Monday, November 6, 2006
News staff writer
October 25, 2006
A management change at Mt. Hood Meadows Ski Resort has brought the end of an era to the Northwest ski industry.
Franklin Drake announced his retirement on Tuesday — turning the reins of the company over to his son, Matthew, and General Manager Dave Riley. Drake was the last of Oregon and Washington’s ski resort founders to still be in an operating role.
“Franklin Drake needs to be given credit for 40 years of hard work and results at Mt. Hood Meadows,” said Riley.
He said Drake wanted a “seamless transition” in management so he began phasing in a succession plan two years go.
“Under this plan, the public will enjoy dedicated experienced leadership capable of providing excellent customer service, safety and responsible operation and development for the foreseeable future,” said Drake.
“The resort’s success is a credit to dedicated key managers and employees attracted to the resort over the years, a strong partnership with the U.S. Forest Service and continual input and involvement from skiers as well as the environmental community, all of which have merged to help create this wonderful alpine recreation area, of which I am very proud.”
Riley, who has held the position of vice president and general manager since 1993, has been promoted to president and chief operating officer. Matthew, who has been secretary of the corporation since 1989, has taken the role of chairman and chief executive officer. Franklin will remain on the board of directors.
Gary Larson, USFS Mt. Hood supervisor, described Drake as a “gracious business partner” who helped the joint public/private venture of Meadows to flourish.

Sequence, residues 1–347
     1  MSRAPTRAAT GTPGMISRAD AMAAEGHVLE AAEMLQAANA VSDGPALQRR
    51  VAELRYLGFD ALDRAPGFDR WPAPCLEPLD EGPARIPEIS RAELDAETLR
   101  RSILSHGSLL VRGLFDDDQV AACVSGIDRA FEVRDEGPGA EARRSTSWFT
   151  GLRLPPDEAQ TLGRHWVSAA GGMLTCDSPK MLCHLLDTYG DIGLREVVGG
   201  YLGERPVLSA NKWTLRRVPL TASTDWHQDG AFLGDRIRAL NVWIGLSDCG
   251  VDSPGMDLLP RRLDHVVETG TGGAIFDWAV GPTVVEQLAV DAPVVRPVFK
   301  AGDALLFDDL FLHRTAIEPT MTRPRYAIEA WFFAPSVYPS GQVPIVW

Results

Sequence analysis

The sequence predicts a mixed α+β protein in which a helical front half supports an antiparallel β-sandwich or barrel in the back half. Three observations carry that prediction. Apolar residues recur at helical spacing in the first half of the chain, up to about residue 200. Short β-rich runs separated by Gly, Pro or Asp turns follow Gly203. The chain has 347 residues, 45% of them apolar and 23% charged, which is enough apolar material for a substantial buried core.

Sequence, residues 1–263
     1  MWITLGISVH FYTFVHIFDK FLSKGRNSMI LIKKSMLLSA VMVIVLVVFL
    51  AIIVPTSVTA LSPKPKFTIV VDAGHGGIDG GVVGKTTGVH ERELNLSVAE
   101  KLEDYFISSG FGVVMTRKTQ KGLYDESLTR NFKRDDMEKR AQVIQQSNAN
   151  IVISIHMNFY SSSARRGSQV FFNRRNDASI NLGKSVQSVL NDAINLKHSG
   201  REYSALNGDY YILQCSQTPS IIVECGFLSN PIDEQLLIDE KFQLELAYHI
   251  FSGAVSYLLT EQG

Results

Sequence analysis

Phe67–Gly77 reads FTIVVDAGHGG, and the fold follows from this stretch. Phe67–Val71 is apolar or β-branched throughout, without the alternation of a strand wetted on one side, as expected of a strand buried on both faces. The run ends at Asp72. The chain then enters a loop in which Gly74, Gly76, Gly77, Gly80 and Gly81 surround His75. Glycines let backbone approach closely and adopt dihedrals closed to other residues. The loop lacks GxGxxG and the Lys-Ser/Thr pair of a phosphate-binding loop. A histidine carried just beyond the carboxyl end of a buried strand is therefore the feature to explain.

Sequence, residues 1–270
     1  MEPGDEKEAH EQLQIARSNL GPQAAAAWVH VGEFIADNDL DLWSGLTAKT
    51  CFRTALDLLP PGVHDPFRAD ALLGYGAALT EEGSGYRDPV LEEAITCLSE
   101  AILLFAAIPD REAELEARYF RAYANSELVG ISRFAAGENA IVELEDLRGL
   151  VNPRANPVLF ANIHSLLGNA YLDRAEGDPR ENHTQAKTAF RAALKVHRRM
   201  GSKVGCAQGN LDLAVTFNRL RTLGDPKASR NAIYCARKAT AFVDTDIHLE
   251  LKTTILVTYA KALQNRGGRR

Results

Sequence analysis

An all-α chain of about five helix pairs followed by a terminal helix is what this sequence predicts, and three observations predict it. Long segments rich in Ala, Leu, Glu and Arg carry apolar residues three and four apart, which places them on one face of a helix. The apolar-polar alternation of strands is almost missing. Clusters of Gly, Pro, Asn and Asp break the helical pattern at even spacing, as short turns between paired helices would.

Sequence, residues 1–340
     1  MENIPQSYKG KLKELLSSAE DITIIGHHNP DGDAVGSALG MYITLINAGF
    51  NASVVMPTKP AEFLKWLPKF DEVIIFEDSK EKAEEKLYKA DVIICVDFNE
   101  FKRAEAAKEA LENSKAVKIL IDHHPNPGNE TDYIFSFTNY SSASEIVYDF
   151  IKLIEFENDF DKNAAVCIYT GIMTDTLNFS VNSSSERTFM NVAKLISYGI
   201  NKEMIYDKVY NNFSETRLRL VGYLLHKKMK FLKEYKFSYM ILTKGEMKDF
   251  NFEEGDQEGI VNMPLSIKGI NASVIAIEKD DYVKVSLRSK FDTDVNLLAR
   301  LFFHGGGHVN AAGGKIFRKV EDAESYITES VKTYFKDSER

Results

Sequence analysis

Since 1966, Meadows has become the largest and most popular ski area on Mt. Hood and the second-largest ski area in Oregon. During the 2005-06 winter season, the ski area set another all-time record with 503,095 winter visitors comprising 59.2 percent of total skier visits to all five ski areas on Mount Hood. In addition, Meadows attracts 40.6 percent of the total number of skier visits in the state.
“Few ski areas can meet the very high bar they have set in environmentally friendly ski lift construction. In addition, they have one of the highest ratios of skiers and snowboarders who use public transportation of any ski area in North America,” Larson said. “I look forward to continuing the legacy of our joint partnership with Mt. Hood Meadows Ski Resort.”
Gerry Frank, past chairman of the Oregon Tourism Commission, said Franklin has built Meadows into a premier winter recreational spot by his “vision and fortitude.” He believes the company’s ongoing contribution to the Oregon tourism industry will remain “alive and well” under Matthew’s watch.
Riley, who resides in Parkdale, concurs with Frank’s assessment. He said the vision of Meadows continues to be “providing an ideal mountain resort experience while respecting the environment.”
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I Can't Keep Quiet singers at "Citizen Town Hall"
‘I can’t keep quiet,’ sing members of an impromptu choir in front of Hood River Middle School Saturday prior to the citizen town hall for questions to Rep. Greg Walden. The song addresses female empowerment generally and sexual violence implicitly, and gained prominence during the International Women’s Day events in January. The singers braved a sudden squall to finish their song and about 220 people gathered in HRMS auditorium, which will be the scene of the April 12 town hall with Rep. Greg Walden, at 3 p.m. Enlarge